OLYMPIA — A measure that would repeal the state’s death penalty law has passed the Senate for the third time in three years, with supporters of the bill hoping that new leadership in the House means the Legislature will make permanent a 2018 state Supreme Court ruling that struck down capital punishment as arbitrary and racially biased.
With a 28-18 vote Friday, the Senate approved the measure that would remove capital punishment as a sentencing option for aggravated murder and mandate instead a sentence of life in prison without possibility of parole.
The bill now heads to the House for consideration, where it has stalled in previous years. Gov. Jay Inslee has said he will sign it if it makes it to his desk. New Democratic House Speaker Laurie Jinkins has said she personally supports the bill but that the caucus has not yet discussed it.
Before the 2018 ruling, execution was already rare in Washington, and a governor-imposed moratorium has blocked its use since 2014. But the court’s decision eliminated it entirely, converting the sentences for the state’s eight death row inmates to life in prison without release.
The court did not rule out the possibility that the Legislature could come up with another manner of imposing death sentences that would be constitutional, which led to the recent attempts to change state law.
There have been 78 inmates, all men, put to death in Washington state since 1904, with the most recent execution in the state in 2010.
Democratic Sen. Reuven Carlyle of Seattle, the bill’s sponsor, said that attitudes of Americans on the death penalty have changed, and pointed to the number of states that have moved to abolish it.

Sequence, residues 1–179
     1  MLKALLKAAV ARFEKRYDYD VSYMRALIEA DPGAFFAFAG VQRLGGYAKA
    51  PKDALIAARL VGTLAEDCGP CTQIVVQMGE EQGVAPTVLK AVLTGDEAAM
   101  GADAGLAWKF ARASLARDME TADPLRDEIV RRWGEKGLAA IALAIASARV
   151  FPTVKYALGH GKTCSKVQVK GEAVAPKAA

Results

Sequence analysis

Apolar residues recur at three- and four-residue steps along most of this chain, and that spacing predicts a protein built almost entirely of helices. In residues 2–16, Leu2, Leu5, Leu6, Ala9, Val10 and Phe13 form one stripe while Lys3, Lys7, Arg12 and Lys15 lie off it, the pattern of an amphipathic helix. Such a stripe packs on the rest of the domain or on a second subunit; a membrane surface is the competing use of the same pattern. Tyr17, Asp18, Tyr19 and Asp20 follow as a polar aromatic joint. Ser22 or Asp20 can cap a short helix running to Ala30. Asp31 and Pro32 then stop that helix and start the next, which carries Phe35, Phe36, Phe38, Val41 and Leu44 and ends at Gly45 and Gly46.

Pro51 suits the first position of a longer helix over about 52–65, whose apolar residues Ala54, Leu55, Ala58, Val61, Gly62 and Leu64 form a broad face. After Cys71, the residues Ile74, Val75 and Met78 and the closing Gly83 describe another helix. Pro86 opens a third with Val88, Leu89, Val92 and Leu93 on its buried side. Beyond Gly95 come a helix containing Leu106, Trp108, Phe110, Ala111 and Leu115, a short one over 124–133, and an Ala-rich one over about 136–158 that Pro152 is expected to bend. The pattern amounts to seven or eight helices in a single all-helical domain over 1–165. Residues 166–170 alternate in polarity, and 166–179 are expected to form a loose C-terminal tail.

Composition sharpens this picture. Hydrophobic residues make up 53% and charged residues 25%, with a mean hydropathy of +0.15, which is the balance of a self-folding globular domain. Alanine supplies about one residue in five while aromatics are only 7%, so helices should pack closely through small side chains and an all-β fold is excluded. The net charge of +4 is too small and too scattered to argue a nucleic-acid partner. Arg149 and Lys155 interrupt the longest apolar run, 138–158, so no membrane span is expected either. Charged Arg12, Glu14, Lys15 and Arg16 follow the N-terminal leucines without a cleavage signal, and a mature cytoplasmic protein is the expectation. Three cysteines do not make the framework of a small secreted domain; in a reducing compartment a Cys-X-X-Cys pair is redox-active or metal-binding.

“Now that we have firm resolution from both the executive branch and the judiciary branch, it is time for the legislative branch that sets the laws of our state to make a final determination on this particular legislation,” Carlyle said.
Including Washington’s court ruling, the death penalty has been overturned or abolished in 21 states and the District of Columbia. An additional four states — California, Oregon, Colorado and Pennsylvania — currently have moratoriums. Other states are currently considering measures, including Colorado, where the Senate on Friday approved a measure repealing the death penalty.
Republican Sen. Keith Wagoner argued that abolishing the death penalty denies victims and their families justice, and removes a tool that prosecutors and law enforcement need to gain information about other victims.
“I think the death penalty is a perfectly appropriate punishment in certain cases, and we need to keep it on the books,” he said.